Thursday, September 26, 2013

Chemical Communication Among Insects: Pheromones

Even if they travel great distances away, ants never fail to find their way back to their nests, nor bees the way to their hives. When danger threatens some insect larvae, they immediately come together for protection. At mating time, male and female insects of all species can easily find each other, even at considerable distances.

These forms of behavior all take place thanks to communication between individuals.

To communicate, many creatures use signals of one kind or another. The ones used by insects are known as pheromones¸ chemical substances used among members of the same species. They are generally produced in special glands and emitted into the surrounding area, causing changes in insect behavior.

 The word itself means "hormone bearers." Indeed, pheromones were once regarded as the equivalent of hormones. Like hormones, they are emitted in small quantities (albeit outside the body) and are responsible for performing a vital function. Pheromones are generally unique to a particular species. There are also some that perform very different functions and in different combinations. Pheromones have a high level of dispersal, and can have an effect from a distance as much as 7-8 km (4-5 miles), with such factors as distance, heat, wind and humidity reducing or increasing their effects.

Pheromones are used for such purposes as sign-leaving, sounding an alarm, gathering members together, for the raising of queens among communal insects, or to control the development of sexual maturity. There are also sex pheromones that work by means of scent.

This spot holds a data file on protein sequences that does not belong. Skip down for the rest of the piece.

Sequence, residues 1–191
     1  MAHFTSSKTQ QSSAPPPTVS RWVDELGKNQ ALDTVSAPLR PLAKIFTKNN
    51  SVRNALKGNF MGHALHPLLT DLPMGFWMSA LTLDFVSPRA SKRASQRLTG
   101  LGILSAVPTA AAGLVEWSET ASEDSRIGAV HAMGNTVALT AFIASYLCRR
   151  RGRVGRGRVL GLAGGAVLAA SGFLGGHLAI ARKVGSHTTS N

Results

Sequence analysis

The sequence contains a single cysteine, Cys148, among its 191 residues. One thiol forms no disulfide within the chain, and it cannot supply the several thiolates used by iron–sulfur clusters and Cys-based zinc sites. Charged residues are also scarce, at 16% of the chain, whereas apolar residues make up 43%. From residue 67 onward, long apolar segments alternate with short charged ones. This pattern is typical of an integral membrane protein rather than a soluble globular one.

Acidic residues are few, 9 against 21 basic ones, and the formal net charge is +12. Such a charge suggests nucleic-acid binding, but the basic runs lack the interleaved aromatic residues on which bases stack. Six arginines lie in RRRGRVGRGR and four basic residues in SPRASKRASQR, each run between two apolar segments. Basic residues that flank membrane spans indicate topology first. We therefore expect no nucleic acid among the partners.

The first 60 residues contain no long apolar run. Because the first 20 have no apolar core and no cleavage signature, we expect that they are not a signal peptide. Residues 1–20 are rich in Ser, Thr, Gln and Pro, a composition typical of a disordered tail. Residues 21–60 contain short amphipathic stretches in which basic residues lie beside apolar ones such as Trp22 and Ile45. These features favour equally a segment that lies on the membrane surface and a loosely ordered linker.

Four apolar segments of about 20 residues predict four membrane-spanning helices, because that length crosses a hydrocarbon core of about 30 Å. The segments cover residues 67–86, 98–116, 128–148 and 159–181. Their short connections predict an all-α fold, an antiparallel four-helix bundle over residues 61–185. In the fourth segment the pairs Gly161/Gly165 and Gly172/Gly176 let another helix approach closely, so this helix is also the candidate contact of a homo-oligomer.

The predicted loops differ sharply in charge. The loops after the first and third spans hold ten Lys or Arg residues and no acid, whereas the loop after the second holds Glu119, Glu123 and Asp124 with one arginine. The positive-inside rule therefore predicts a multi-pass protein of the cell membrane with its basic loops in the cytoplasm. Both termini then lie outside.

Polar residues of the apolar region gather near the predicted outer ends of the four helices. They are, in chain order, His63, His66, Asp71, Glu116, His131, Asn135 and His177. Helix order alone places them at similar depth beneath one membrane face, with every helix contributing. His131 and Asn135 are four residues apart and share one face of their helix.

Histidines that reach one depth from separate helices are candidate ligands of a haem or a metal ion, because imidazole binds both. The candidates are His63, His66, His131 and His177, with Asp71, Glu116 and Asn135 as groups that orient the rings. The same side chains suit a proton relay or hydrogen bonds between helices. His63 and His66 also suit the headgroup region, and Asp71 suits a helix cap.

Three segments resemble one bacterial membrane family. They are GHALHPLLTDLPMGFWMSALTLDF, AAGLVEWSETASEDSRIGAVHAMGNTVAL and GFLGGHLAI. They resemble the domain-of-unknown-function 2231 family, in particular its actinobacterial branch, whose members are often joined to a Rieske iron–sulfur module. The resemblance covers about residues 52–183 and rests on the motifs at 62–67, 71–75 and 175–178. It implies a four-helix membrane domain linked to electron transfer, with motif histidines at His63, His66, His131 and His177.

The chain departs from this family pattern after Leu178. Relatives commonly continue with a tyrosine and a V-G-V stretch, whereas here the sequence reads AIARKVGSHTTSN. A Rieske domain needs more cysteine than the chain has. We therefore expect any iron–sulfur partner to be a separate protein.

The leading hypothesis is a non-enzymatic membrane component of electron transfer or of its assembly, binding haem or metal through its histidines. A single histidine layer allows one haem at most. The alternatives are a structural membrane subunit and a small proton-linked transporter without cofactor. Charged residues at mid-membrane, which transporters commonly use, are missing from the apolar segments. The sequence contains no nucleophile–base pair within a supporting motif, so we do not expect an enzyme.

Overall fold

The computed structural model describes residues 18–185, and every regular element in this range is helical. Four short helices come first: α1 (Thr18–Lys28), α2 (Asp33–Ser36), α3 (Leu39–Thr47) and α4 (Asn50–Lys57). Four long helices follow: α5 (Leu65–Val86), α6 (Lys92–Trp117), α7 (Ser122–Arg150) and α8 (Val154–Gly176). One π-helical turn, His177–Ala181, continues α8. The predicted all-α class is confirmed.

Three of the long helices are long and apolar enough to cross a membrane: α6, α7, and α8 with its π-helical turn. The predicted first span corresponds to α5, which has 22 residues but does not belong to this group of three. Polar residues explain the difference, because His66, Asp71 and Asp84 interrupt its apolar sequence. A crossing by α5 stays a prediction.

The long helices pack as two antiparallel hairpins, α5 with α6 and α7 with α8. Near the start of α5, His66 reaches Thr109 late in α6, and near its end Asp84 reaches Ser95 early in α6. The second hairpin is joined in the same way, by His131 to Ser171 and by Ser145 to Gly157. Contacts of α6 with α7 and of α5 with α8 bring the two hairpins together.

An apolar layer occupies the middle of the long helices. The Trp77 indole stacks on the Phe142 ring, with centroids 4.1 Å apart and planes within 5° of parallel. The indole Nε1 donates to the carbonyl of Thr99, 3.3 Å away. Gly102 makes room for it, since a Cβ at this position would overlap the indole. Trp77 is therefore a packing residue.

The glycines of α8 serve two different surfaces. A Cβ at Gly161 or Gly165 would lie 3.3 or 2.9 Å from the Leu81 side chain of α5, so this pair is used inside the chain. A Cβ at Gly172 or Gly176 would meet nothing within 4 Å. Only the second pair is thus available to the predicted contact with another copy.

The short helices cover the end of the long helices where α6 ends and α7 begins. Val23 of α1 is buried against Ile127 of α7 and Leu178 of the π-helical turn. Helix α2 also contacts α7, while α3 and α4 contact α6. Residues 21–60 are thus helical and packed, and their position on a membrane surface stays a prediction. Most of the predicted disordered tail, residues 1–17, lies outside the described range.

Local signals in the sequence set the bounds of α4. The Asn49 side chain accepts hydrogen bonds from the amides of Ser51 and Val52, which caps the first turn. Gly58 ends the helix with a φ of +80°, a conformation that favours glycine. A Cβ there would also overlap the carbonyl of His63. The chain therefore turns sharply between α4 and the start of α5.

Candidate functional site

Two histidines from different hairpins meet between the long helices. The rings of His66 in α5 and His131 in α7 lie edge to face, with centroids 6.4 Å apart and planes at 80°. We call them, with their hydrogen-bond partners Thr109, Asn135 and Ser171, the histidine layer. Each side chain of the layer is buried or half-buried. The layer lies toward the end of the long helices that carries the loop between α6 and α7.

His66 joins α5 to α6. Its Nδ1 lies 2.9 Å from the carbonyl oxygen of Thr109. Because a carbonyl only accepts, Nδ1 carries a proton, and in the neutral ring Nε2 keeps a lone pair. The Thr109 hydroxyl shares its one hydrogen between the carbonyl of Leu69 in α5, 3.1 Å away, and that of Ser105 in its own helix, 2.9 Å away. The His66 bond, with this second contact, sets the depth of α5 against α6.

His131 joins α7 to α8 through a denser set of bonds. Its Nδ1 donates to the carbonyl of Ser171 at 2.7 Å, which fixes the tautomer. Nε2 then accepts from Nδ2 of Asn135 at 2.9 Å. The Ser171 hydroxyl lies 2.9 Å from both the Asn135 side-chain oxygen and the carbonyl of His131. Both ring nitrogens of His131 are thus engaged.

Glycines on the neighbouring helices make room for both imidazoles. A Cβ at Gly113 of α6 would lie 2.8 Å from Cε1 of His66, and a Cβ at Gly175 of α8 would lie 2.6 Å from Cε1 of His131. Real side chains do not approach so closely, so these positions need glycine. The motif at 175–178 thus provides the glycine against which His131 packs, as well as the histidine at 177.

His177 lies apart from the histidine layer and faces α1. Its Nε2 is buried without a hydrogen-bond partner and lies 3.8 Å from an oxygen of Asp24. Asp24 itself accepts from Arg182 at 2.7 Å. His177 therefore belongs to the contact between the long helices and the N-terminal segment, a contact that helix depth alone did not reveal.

When reading about animals that communicate through pheromones, one very important point needs to be kept in mind: Every species has its own individual formula, and the chemical substances each contains are all different. The creature that emits the "communicating" substance and the one that receives the "message" are both aware of this formula. Moreover, some creatures also decipher and imitate the formulas belonging to other species.

Left: Smell whatever perfume you use, then deduce what substances it contains. Then try and produce every one of these substances and make a perfume with the exact same smell, of the exact same quality. Unless you have special training in this area, or receive help from experts in the field, you'll of course be unable to do so. The insects that use pheromones to communicate may manufacture them, because God inspires them to do so.
Right: Rhagoletis cerasi

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